Amelchenko also recalled an attack against “huipster,” a Sochi-based video blogger who “wrote bad things about Putin.” Mikhailov says the blogger changed jobs and went offline after the beating. Another time, Amelchenko says he helped stage a car collision targeting Elena Cherevko, the owner of the DLclinic dental clinic (who at the time was in a property dispute with Prigozhin). Mikhailov confirmed Amelchenko’s role in the affair, and also provided Novaya Gazeta with video footage from the collision, showing that Amelchenko was present.
In late 2013, when Amelchenko was in Kyiv during the EuroMaidan protests, he learned that Mikhailov had been fired. (It’s unclear what Amelchenko was doing in Ukraine.) After a few months, Amelchenko says he was visited by someone he knew from his previous work. (Mikhailov guesses that this was Evgeny Gulyaev, Prigozhin’s head of security.) Before long, Amelchenko heard from Andrey Pichushkin, another Prigozhin security guard.
After these meetings, Amelchenko’s group operated mainly in Ukraine (in the war-torn Donbass and in the Kyiv area). Amelchenko told Novaya Gazeta almost nothing about what the team did, but he did recall the murder of former Luhansk separatist leader Igor Plotnitsky’s “right-hand man,” without ever naming him. Novaya Gazeta guesses this was former adviser Dmitry Kargaev, who was murdered in March 2016.
Amelchenko says the poisonings started after he met Oleg Simonov (the man who allegedly attacked Lyubov Sobol’s husband). Amelchenko says he played no role in that incident, but he did admit to helping Simonov beat up a blogger in Pskov who died after an injection. Novaya Gazeta believes this was Sergey Tikhonov (known online as “skobars”), whose relatives say he died from a heart attack in July 2016.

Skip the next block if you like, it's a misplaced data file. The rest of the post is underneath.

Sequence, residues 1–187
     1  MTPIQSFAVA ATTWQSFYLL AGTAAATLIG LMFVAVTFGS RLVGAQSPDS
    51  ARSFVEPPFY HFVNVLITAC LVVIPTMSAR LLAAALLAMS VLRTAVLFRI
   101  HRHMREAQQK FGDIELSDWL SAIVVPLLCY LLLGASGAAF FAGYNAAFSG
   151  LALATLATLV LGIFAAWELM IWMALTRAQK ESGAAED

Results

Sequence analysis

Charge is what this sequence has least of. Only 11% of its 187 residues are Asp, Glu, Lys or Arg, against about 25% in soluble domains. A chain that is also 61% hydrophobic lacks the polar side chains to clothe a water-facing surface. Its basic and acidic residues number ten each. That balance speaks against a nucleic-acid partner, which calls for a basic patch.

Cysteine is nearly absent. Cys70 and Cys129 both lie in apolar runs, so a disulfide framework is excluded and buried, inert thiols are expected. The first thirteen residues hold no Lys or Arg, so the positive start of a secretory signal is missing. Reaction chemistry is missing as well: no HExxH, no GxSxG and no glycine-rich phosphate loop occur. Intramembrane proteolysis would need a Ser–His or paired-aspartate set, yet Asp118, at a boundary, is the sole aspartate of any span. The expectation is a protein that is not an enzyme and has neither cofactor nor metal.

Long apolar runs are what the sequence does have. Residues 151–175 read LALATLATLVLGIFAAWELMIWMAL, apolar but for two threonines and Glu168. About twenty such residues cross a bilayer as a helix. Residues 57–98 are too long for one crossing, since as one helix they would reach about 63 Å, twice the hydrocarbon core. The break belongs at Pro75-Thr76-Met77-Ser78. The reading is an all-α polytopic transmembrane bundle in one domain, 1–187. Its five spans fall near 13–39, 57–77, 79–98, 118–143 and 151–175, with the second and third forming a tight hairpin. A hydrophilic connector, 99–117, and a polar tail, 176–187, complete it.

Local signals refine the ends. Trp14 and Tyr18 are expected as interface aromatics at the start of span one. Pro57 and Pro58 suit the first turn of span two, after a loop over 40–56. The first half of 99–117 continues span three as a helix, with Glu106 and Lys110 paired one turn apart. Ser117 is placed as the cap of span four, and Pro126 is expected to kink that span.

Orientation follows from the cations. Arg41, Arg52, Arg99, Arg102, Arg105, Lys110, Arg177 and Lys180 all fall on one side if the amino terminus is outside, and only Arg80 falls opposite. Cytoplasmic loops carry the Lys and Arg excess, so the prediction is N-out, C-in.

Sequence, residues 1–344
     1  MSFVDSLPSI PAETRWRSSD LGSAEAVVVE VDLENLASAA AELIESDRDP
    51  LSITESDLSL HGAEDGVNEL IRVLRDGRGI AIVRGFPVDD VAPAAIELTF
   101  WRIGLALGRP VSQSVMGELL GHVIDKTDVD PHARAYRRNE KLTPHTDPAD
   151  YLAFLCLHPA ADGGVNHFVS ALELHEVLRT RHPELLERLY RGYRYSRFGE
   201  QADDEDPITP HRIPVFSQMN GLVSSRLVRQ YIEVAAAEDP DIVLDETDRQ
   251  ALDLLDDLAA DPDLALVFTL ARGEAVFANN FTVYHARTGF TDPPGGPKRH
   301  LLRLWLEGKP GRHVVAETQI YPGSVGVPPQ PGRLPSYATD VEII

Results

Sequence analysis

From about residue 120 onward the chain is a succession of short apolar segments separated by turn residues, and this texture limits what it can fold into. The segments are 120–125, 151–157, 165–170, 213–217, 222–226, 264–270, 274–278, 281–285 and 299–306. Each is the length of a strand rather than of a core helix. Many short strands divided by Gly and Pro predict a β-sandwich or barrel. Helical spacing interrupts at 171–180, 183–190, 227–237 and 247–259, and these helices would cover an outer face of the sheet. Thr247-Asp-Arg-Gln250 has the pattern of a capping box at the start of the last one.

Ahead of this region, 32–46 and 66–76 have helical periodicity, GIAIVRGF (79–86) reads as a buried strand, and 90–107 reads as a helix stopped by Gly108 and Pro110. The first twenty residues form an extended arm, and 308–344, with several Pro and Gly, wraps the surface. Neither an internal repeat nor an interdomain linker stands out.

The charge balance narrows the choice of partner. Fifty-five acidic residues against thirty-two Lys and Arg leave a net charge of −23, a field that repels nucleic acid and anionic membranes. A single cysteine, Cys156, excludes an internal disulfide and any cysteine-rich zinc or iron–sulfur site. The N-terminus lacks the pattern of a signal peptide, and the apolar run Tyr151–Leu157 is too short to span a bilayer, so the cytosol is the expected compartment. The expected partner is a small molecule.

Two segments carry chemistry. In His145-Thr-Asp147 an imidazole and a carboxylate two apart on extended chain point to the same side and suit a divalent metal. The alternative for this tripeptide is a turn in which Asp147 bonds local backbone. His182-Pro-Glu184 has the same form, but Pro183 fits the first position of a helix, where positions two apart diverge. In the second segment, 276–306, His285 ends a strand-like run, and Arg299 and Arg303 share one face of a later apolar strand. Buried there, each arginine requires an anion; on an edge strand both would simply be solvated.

In February 2017, Amelchenko’s group was sent to Syria, supposedly in order to test new psychotropic substances on captured terrorists. At the time, the team was apparently under the command of Sergey Gubanov, another member of Evgeny Prigozhin’s private security service. When the group arrived in Syria, however, the men discovered that there were no prisoners, so they decided to carry out the tests on the so-called “ISIS hunters” being trained by instructors from the “Wagner” private military company (another Prigozhin-owned outfit). Subjects were given bottles of juice containing a delayed-action dose of the drug, and then released.
After some time, police arrested Amelchenko, Simonov, and Gubanov on charges of poisoning members of Syria’s military intelligence, but they were all released after several hours of interrogation, and then they immediately returned to St. Petersburg. Amelchenko says another seven people (including himself) were also exposed to the poison, but everyone recovered. A source familiar with the Wagner group in Syria later confirmed Amelchenko’s story to Novaya Gazeta.
Novaya Gazeta says Amelchenko also claimed to have had a role in other supposed missions in Europe, but the newspaper was unable to verify the details of his account with other sources. (For example, he described a mission in the Canary Islands.)
Many of the people identified by Novaya Gazeta as members of Amelchenko’s group refused to comment on the story. Vladimir Gladienko, meanwhile, confirmed some of the story’s travel and personnel details, but denied any illegal activity. Evgeny Prigozhin’s security service didn’t answer Novaya Gazeta’s phone calls, and Prigozhin himself has ignored all media inquiries.